But these facts have led to an exaggeration of the differences between childhood, youth, and age. The mind is impressionable at all ages; and it is one of the tasks of education to see that it remains impressionable. The mind is not a limited space, as though, having been filled in early years, no room is left for more. On the contrary, the more one knows, the more one can learn. One can unlearn as well as learn. Old habits can be broken and new habits created so long as any time remains. That greater wisdom which was once imputed to the old consisted not in the mere deposit of years, but in ripeness and perspective, and in having acquired more to learn with, in having had more time to learn and to “learn better.”


Since education is a public, as well as a private, concern, it is socially organized. Hence the school, college, university or other institution conducting “formal education,” and hence the “curriculum.” In ancient times society did not try to teach everything, even though there was comparatively little to teach. At the time of the Renaissance, and during the centuries that followed, the vast and rapid increase of knowledge broke against the barriers of a rigid and exclusive system. Until recently the history of education has consisted largely in the opening of doors and windows, so that more and more of the newly recognized knowledge could obtain admission; as though the purpose were to extend the bounds of education to the limit of omniscience.

The increase of the corpus of knowledge, together with its elaboration and specialization, has now far exceeded the possibilities of formal education. There is vastly more to know than there is time and capacity either to teach or to learn. The present problem, therefore, is not the problem of inclusion but the problem of selection.

There are two divisions of education in which the increase of human cultural achievement appears to cause no embarrassment — elementary education, and vocational education. If elementary education is taken to mean the teaching and learning of “the elements,” such as “the 3 R's,” there is no curricular problem. But this implies an artificial conception of childhood. “The child is father of the man,” and has to be dealt with accordingly — as a growing adult. Elementary education is not a finished product, complete in itself, but a phase of unfolding. There is no fixed number of years and months at which childhood can be said to end and manhood or womanhood to begin. Elementary education must therefore be forward in its outlook, and so contrived that at each stage the child is prepared for the next. His education must not only feed his growth but stimulate it, and offer the individual something which lies at the ever-widening circumference of his existing powers. The child is also a person, or begins to be at an indeterminate age; he is never merely a reader, writer, and doer of sums. He has his world to live in; and he must live in the same world with his contemporary elders.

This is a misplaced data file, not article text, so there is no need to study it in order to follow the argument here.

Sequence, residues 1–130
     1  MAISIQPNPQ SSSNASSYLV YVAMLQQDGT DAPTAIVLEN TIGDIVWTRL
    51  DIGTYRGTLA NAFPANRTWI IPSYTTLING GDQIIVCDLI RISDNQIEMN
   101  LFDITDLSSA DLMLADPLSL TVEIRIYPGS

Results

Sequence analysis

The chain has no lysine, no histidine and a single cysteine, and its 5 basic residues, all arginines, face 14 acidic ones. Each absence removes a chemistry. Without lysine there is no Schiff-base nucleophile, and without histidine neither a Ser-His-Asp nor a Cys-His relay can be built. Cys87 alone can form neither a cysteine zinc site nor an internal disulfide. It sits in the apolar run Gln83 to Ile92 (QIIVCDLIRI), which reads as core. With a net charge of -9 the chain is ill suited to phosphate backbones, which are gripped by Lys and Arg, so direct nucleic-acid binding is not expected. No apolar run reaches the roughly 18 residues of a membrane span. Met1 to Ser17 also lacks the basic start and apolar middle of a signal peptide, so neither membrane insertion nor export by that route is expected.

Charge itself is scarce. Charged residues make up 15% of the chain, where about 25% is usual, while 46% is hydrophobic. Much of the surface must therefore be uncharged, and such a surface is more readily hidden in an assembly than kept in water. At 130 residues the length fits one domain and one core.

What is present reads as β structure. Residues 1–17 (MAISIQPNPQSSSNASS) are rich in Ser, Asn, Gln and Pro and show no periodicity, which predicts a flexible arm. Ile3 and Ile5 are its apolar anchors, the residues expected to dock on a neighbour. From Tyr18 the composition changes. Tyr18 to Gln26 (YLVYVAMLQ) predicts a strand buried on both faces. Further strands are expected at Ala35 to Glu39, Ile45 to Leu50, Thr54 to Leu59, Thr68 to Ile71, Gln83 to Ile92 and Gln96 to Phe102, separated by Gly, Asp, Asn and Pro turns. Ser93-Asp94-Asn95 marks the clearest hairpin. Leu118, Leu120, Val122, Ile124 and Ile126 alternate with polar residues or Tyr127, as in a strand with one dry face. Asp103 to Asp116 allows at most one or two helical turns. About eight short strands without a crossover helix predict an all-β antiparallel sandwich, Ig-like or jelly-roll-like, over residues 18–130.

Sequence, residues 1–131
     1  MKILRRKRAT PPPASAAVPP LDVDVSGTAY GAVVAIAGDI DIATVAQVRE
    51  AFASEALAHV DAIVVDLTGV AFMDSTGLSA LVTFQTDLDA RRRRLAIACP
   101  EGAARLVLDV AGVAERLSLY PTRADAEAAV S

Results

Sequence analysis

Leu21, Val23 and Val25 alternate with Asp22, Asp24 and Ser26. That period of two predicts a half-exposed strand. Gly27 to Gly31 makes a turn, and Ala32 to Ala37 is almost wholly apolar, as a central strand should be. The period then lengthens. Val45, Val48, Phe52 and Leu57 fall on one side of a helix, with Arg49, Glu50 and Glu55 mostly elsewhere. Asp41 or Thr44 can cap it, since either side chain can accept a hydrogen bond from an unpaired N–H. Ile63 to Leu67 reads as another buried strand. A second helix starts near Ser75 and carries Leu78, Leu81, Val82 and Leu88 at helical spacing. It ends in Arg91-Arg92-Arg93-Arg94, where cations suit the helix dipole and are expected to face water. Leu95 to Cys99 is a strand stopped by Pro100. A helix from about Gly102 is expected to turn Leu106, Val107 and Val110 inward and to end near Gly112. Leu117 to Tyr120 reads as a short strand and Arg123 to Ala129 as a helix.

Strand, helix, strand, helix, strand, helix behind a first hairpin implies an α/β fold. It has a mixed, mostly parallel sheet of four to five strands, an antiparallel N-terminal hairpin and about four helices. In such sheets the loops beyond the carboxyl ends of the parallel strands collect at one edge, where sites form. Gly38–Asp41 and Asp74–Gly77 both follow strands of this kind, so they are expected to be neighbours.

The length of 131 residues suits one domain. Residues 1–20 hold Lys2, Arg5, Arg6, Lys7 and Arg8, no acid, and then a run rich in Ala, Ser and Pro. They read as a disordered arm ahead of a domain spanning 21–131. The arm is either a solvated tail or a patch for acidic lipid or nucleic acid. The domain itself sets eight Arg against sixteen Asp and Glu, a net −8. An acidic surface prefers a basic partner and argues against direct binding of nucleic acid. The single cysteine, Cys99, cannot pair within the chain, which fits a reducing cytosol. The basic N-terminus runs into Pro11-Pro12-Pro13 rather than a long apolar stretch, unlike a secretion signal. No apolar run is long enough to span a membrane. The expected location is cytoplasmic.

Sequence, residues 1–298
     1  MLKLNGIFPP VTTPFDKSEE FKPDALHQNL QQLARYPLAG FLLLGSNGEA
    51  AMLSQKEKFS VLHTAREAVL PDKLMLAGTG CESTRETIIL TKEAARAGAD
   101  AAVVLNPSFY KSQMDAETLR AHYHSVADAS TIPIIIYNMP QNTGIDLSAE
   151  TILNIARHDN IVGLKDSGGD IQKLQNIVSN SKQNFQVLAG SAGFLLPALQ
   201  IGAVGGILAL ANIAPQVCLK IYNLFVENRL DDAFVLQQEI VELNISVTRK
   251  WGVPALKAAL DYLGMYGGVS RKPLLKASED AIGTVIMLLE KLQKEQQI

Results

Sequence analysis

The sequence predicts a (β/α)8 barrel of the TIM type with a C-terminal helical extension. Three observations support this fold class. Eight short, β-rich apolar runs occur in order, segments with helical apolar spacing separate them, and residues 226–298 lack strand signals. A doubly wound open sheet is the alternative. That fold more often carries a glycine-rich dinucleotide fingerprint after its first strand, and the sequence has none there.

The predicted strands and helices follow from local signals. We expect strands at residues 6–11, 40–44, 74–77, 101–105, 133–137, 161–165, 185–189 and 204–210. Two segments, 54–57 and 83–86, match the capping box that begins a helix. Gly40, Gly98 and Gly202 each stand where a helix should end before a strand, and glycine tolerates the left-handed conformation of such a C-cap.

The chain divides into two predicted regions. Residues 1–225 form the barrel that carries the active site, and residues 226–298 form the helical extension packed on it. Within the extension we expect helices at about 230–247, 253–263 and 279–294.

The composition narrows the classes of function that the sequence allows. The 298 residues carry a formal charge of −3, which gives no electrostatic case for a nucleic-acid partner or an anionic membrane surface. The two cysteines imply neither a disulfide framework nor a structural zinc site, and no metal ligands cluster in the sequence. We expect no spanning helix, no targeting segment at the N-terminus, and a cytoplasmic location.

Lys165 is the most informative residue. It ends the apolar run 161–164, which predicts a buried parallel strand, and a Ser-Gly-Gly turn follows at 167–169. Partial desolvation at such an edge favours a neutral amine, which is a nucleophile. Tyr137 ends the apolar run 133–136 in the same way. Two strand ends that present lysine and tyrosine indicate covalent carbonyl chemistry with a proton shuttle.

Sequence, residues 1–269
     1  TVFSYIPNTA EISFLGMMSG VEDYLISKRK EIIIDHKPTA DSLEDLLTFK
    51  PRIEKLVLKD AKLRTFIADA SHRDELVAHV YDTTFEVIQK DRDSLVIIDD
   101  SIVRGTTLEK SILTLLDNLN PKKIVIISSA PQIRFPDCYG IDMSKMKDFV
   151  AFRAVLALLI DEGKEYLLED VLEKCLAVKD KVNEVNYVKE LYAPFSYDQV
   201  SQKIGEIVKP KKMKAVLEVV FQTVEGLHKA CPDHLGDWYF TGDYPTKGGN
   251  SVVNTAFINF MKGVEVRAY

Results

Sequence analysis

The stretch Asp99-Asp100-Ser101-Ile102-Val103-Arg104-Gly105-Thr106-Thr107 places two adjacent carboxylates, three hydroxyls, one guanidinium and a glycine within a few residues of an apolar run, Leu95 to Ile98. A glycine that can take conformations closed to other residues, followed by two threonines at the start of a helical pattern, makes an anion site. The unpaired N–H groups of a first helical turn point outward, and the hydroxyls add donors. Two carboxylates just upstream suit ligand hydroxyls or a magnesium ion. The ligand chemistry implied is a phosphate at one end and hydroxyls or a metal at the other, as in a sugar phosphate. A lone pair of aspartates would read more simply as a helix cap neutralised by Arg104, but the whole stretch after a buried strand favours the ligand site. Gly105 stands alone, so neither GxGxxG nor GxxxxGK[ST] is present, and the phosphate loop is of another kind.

Vocational education is also an abstraction. The individual must at some point acquire one or more marketable skills. But no man or woman is designed to be merely a mechanic, a clerk, a tradesman, a lawyer, or a doctor. To educate him only for a division of labor is to mutilate him. As Emerson has said, organized society tends to make of its members “so many walking monsters — a … finger, a neck, a stomach, an elbow, but never a man.”2 Vocational education has a duty to avoid this offense to man's nature and dignity, and to educate a man and not a mere interchangeable part of the social mechanism.

It is in the field of secondary and higher education that the problem of the curriculum is most acute. Since studies must be selected it is imperative that they shall be selected for a purpose: not because they coincide with certain portions of knowledge and life, but because they serve the purpose of education. The question is confused by the fact that the teaching staff in institutions of higher education, if not in secondary schools, is composed of “scholars” who are at the same time devoted to the advancement of knowledge. This is not accidental or undesirable, since each activity in some degree promotes the other. It is one of the purposes of education to learn what knowledge is, and how it is advanced, and no one can teach this lesson as well as one who practices what he preaches and exhibits the methods and passion of inquiry in his own person. Nevertheless there is a conflict of interest between education and research. When they are combined in the same men and institutions there will be a tendency to reduce research to the content of the curriculum, or to expand the curriculum to the widening frontier of knowledge.

If the curriculum is to be judged by its purpose of education the admission of any subject matter must be tested by the lesson to be learned. How far, and in what respects, does it put the learner in possession of his cultural inheritance, enable him to participate in the contemporary world, and qualify him to contribute to the civilization of the future?